Best Practices Guide: Benchmarking Energy Efficiency in Laboratories

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Purpose and Audience 

A wide spectrum of laboratory owners, ranging from universities to federal agencies, have explicit goals for energy efficiency and greenhouse gas reductions in their facilities. For example, new federal buildings and major renovations of existing buildings are to reduce fossil fuel-generated energy consumption by 90% in 2025, and 100% in 2030, compared with a 2003 baseline (FEMP n.d.). Minnesota SB2030 standard requires achieving an 80% reduction from the average building baseline for commercial, institutional, and industrial buildings (SB2030 n.d). 

A laboratory—new or existing—is much more likely to meet energy efficiency goals if quantitative metrics and targets are explicitly specified and tracked over the life cycle of the building, from design through construction, commissioning, operations, and renovations. If efficiency targets are not explicitly and properly defined, any additional capital costs or design time associated with attaining higher efficiencies can be difficult to justify relative to other priorities.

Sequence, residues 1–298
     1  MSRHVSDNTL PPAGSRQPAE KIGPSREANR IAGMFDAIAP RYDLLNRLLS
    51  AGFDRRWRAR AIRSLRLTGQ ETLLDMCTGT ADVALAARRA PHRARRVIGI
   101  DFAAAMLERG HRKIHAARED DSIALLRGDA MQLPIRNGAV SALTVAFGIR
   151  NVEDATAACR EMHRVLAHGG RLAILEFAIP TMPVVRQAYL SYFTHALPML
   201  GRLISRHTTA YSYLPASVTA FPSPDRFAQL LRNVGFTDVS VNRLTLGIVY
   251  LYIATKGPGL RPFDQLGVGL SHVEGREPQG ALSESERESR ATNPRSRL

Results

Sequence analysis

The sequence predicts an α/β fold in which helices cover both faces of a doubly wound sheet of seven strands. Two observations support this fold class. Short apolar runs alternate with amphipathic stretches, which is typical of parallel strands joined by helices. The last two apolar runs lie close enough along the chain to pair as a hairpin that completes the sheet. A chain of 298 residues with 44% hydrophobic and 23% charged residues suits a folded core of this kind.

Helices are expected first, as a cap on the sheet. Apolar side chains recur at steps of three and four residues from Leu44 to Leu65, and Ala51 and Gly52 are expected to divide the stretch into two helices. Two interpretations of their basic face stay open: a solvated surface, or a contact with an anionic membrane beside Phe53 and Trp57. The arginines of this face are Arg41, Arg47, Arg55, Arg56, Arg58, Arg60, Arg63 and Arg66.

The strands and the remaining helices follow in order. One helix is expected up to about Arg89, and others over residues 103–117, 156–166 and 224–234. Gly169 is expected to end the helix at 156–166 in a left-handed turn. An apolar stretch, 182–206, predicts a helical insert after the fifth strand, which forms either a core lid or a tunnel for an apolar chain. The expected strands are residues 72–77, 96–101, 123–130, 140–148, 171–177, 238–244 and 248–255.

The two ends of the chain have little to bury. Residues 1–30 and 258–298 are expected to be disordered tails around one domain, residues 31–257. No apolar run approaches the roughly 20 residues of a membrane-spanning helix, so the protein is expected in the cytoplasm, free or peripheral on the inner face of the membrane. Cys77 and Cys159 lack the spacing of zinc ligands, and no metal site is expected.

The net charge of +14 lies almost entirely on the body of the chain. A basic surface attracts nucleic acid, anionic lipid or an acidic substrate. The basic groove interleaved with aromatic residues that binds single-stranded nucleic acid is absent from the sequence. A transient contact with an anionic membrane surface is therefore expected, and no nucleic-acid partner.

The purpose of this guide is to provide guidance on how to specify and compute energy efficiency metrics and benchmarks for laboratories, at the whole-building as well as the system level. The information in this guide can be used to incorporate quantitative metrics and targets into new construction or retrofit of existing facilities. For information on strategies and technologies to achieve energy efficiency, the reader is referred to I2SL resources, including technology best practice guides and case studies. 

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